Donors want transparency from small charities as well

Financial management goes to the heart not only of the success of an organisation but also of people's trust in it, writes Caron Bradshaw

Caron Bradshaw
Caron Bradshaw

The standard of financial management in our bigger charities has come on in leaps and bounds over the past 25 years, but small charities - which constitute the vast majority of our sector - continue to struggle in this area.

A recent report by the Charity Finance Group, Making It Count, shows that financial capability remains elusive or challenging to a large number of charities at the smaller end of the scale. That is not to say that small charities are on the brink of destruction or fail to serve their beneficiaries because of these challenges. The overwhelming majority of them do amazing work, have the very best of intentions and fare relatively well, given limited resources. But if local groups are to survive and thrive in an environment of increasing need and restricted funding, this is one area where skill gaps need to be addressed and we must drive up standards.

Some years ago I had a disagreement with the chair of a small community group. He was irked by my insistence that financial management mattered, irrespective of the tiny sums involved. From his perspective, it wasn't that important. As long as we had enough money, "little things" such as risk management, budgeting or future-proofing the organisation were not necessary and talk of restricted funds or the impact of fiduciary duty was inappropriate. But I think financial management goes to the heart not only of the success of an organisation but also of people's trust in it.

My disagreement with this chair resulted from the attempted transfer of funds, raised for the organisation in question and for a specific purpose, to a separate organisation - albeit one with similar objects. Although I avoided terms such as 'fiduciary duty' or 'restricted funds' in dealing with the matter, my representation was not welcomed. In my view, the transfer of sums to another organisation needed more than an agreement between the chair and his friends who ran that organisation. The fact it was only a few hundred quid was irrelevant.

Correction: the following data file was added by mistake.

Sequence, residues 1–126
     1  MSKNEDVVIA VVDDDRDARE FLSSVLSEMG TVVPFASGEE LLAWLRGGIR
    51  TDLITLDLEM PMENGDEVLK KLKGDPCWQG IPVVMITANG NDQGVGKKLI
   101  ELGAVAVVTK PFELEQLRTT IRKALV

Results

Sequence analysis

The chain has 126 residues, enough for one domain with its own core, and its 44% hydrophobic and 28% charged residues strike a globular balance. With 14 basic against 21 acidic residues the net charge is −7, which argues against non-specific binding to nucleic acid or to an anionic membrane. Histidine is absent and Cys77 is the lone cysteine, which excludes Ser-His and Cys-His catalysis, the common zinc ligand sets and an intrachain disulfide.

Caron Bradshaw, chief executive of the Charity Finance Group

Now we're not talking about someone who was trying to defraud the charity or line his own pockets. This person had good motives but lacked the skills or knowledge relevant to the role he had undertaken. If the transaction had gone ahead unchallenged, any incoming trustees would have rightly been unhappy that the funds they thought would be available to them had been diverted to another cause, leaving them with a very slim bank account.

It can be difficult to attract the right level of skills if the sums of money involved are small and the relative complexity of the organisation is overlooked. A small pre-school group I once chaired, for example, might have had an income of only £40,000, but it employed five staff, had accommodation needs and had to comply with a raft of safeguarding and educational requirements.

When organisations do secure seemingly skilled individuals, it's no guarantee that this is backed up with adequate knowledge of the sector. In my example, the chair was a successful businessman. It wasn't that he didn't know how to manage money - he just had no appreciation of the concept of restricted funds or charitable objects.

We've made massive inroads in raising standards across the sector. I have no doubt that this has led to greater efficiency and effectiveness, and to organisations having a greater understanding of their impact. It has also helped keep levels of public trust high. Now, more than ever, donors expect transparency about how their money is being spent - an expectation that won't apply solely to the bigger players in the sector. If we could help small organisations improve the management of their finances, then we could serve our communities even better.

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